Dinamo production line still coming up trumps for Croatia
Thirteen of the 22 players in the national squad have been associated with the Zagreb club
Croatia’s Luka Modric, a product of Dinamo Zagreb, in action against Denmark during the last 16 match the Nizhny Novgorod Stadium. Photograph: Efrem Lukatsky/AP
The Anderlecht academy has been the subject of renewed interest this week and a Belgian side littered with products of the club’s youth development section went on to oust Brazil in last night’s quarter-final.
Down at Dinamo Zagreb they must shake their heads and wonder what all the fuss is about although, to be fair, they are probably not looking for any more attention themselves just now.
Eight of the squad Roberto Martinez brought to Russia passed through the Belgian club’s training complex on the outskirts of Brussels on their way to high-levels careers and, ultimately, this World Cup. But Dinamo’s influence on the Croatia squad that will take on Russia in Sochi this evening is slightly more substantial than that.
Thirteen of the 22 players Zlatko Dalic still has available to him here either came through the youth ranks or had a spell there as a senior player. The coach himself has links with Hajduk Split, historically the other great force in Croatian football, and that club had a hand in the development of a further five of the group. Nikola Kalinic would have made it six had he not been sent home after declining to come on in the Nigeria game. Both of Dalic’s assistants though, had stints with the country’s dominant outfit.
A little over five years ago, the Centre for Sports Studies ranked Hajduk ahead of their old rivals in terms of academy products who went on to play in the stronger leagues across Europe.
But Dinamo graduates certainly seem to grab the bigger headlines these days whether it is Mateo Kovacic at Real Madrid, Šime Vrsaljko with Atletico or Luka Modric and Dejan Lovren in an Osijek courtroom.
The Croatian captain was charged with perjury a few months back over his evidence in a case taken against a number of former club officials for fraud.
Zdravko Mamic, the main target of the investigation, fled the country after being sentenced to six years in prison for taking major cuts from fees obtained when players like Modric were sold abroad and the midfielder landed himself in potentially serious trouble by changing his version of events between the time when he was initially questioned and later gave evidence in court.
The case is reportedly the source of tension within the squad, some of whom refused to get caught up with Mamic whose son would be lined up as their agent at a time when Mamic’s brother was the club’s director of football.
It is just the latest in a series of blows to Dinamo’s financial affairs, though, with the club having previously run into trouble over its determination to benefit from its tax exempt status despite the huge sums it has generated from player sales and the support it received from the Zagreb authorities in the form of subsidies for its academy and the virtually rent free-use of the publicly Maksimir stadium it enjoyed.
A crisis of sorts five seasons ago prompted the board to halve its budget from something approaching €25 million one season to €12 million the next.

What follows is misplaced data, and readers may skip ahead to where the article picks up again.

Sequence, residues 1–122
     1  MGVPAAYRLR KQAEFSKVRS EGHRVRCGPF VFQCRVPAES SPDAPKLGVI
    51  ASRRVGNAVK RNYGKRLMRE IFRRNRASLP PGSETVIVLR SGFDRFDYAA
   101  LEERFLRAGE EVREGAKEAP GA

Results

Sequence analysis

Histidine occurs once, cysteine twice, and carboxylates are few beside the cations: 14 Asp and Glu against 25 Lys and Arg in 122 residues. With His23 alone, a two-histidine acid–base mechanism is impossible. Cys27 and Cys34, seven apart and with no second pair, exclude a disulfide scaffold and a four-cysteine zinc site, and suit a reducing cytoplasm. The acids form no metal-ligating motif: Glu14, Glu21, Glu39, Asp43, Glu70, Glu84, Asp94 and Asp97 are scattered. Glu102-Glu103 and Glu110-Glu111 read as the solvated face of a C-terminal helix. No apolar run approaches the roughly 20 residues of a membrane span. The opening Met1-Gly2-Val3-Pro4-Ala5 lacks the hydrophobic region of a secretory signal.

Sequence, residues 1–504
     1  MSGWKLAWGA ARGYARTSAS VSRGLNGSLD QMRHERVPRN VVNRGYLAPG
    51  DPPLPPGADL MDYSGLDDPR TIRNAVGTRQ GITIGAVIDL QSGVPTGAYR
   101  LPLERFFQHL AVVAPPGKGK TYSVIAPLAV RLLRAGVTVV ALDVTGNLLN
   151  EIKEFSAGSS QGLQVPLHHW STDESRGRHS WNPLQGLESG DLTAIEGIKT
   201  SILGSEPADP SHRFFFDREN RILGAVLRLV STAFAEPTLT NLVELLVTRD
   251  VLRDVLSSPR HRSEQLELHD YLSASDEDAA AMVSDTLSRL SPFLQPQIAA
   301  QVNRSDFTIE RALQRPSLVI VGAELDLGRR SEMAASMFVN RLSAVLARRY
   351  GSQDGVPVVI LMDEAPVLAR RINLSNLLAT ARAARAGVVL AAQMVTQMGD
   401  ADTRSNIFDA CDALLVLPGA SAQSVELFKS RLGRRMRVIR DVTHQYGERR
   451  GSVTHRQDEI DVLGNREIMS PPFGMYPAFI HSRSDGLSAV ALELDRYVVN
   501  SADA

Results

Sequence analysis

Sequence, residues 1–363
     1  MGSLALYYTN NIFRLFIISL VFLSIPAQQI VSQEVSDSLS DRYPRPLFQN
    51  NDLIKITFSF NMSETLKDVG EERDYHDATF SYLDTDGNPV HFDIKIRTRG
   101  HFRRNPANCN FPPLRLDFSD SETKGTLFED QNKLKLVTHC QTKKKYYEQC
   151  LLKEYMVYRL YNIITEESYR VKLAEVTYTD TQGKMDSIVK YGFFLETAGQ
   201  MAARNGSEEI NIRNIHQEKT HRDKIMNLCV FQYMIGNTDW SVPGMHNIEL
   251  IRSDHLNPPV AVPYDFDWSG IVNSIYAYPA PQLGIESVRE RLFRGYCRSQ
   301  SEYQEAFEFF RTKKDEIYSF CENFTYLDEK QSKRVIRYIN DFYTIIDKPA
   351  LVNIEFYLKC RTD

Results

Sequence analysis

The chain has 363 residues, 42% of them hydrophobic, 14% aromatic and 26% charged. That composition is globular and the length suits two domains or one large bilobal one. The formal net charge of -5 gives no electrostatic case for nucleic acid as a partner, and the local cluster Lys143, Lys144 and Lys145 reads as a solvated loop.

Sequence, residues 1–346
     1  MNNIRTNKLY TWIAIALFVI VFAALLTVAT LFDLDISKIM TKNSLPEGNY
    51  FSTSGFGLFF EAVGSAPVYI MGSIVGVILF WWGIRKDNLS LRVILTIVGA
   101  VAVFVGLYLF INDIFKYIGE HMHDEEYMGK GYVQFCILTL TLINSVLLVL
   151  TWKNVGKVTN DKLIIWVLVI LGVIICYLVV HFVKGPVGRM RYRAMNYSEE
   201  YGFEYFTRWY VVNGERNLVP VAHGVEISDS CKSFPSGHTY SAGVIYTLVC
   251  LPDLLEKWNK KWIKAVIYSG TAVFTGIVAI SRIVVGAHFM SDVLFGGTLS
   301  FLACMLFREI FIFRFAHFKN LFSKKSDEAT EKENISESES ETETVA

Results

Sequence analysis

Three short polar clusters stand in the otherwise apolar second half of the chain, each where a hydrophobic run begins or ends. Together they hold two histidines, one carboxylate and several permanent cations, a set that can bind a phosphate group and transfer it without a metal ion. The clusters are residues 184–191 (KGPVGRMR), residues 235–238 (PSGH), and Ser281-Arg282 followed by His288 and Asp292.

Somehow, though, the club appears to have come through it all relatively unscathed. Dinamo have just won their 11th title in 12 seasons, a 19th success in the 27 years the current Croatian league has been run and its academy, based at a complex close to the stadium, which previously shaped talents like Robert Prosinecki, Dario Šimic and Zvonomir Boban, all members of the side that finished third at the World Cup 20 years ago, continues to produce players capable of delivering that success at home then substantial fees from abroad.
A European Club Association report a couple of years back put its total cost over the previous five seasons at €6.5 (a fraction of the sums invested annually at the biggest European outfits) and player sales in that period at around €50 million, yielding a profit of more than €40 million.
But the more recent revelation that a graduate like Modric had contractual entitlements to large portions of those fees and in turn passed much of the money back to Mamic has thrown into doubt all of the previous assumptions about a business model widely admired and copied by clubs all over Europe.
What remains beyond question, though, is the quality of the players being produced.
Most recently left back Borna Sona and attacking midfielder Ante Coric went to Stuttgart and Roma respectively for a reported €6 million apiece. Some of that money is ploughed back buying in talent from rivals or abroad, some of which is also then sold on at a profit with Hillal Soudani, for instance, going to Nottingham Forest last week for something in the region of €3 million, roughly three times what Dinamo paid for the Algerian five years ago.
Half of the senior current squad are home-produced, though, with attacking midfielders Antonio Marin (just 17) and Nokola Moro as well as centre back Filip Benkovic amongst the latest crop to make their way into the senior set-up.
Their huge reputation for selling on players ensures, of course, Dinamo can effectively take their pick of players from smaller clubs’ underage set-ups but their ability to nurture talent and add value has become renowned.
In a sport where numbers plus cash generally leads to success, they have produced the bulk of a squad that has reached the World Cup quarter-finals on what is something of a shoestring by modern standards and despite Croatia having two million fewer people in it than live on the island of Ireland.
A steady stream of foreign coaches visit every year hoping to identify then recreate the formula for their success. If Dinamo could isolate and bottle it, they’d do rather nicely out of selling that too.